How to Set Patient Goals with Timing/Pt Awareness Challenges

I was posed a question at the OR meeting….how do they set patient goals when time may be so limited with the patients, there’s no one but staff and an unconscious or sedated patient available in the majority of their areas?

Cheryl Barger RN MSN Clinical Specialist, Special Projects, William Beaumont Hospital-Royal Oak | phone 248-551-0154

cbarger@beaumonthospitals.com
 

2 Responses to “How to Set Patient Goals with Timing/Pt Awareness Challenges”

  1. Ruth Says:

    Why is this patient having the surgery? What is the purpose? when we are clear on his purpose we can not only be sure we are doing the RIGHT surgery and site, but also can individualize care.
    so, for example

    Mr. Jones:
    “Mr. Jones, tell me about what’s most important to you about this surgery?”
    A: “well I really had so much knee pain it was like crushed glass when I walked. I can’t stand it”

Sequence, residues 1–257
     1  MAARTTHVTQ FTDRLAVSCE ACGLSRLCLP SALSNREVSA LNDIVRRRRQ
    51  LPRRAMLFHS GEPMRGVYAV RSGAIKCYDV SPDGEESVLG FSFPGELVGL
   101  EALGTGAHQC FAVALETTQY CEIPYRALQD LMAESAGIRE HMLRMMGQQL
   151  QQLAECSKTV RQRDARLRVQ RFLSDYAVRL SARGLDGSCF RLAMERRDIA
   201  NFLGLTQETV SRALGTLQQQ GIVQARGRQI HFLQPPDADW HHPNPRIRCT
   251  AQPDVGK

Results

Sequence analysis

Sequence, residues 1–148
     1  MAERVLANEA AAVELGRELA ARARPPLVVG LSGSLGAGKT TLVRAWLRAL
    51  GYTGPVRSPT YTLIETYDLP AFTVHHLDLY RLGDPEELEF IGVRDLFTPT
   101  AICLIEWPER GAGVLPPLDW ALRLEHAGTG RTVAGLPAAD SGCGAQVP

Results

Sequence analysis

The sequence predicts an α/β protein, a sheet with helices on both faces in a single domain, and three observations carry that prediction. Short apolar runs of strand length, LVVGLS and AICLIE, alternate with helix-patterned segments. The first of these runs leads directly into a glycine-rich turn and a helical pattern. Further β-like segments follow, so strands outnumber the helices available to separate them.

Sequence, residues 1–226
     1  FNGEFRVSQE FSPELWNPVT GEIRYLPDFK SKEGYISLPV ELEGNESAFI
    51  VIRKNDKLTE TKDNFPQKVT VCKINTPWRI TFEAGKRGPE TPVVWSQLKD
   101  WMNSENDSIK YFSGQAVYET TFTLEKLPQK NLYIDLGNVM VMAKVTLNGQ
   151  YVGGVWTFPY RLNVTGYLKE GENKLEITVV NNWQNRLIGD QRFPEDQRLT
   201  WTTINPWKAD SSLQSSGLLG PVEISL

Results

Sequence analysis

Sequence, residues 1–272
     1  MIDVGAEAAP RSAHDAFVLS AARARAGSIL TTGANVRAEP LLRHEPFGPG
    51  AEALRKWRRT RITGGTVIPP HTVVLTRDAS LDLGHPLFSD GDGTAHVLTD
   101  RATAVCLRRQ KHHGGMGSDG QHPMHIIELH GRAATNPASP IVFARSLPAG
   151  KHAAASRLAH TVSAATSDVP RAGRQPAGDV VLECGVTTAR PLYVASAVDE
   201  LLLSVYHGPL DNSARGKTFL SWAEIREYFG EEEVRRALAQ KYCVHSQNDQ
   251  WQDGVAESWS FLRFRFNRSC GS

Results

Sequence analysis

“OK Mr. Jones, we will be giving you a new LEFT knee, as you have marked it, and we hear that a couple of weeks after a total knee replacement, people are walking pretty well with their walkers or canes and finding they don’t have to use many pain medications like before.” (his goal, get rid of LEFT knee pain)
    this can all be done while you are determining you have the right patient and right surgery. (Time yourself: 10 seconds? 15?) this also helps focus the patient’s healing on his preferred outcome.

    Mr. Peterson
    Nurse: “Mr. Peterson, tell me what’s the main purpose of this surgery for you today?”
    A: “well don’t YOU know?”
    Nurse: “Yes, we know that we are exploring what’s going on in your abdomen, but we want to be sure we individualize your care and doing the right surgery for the right patient is always our number one concern.”
    A: “well you are right but they are looking for cancer. I am really scared b/c I don’t want to have to have chemo and radiation and stuff. I hear it’s terrible. I have a lot of abdominal pain now.”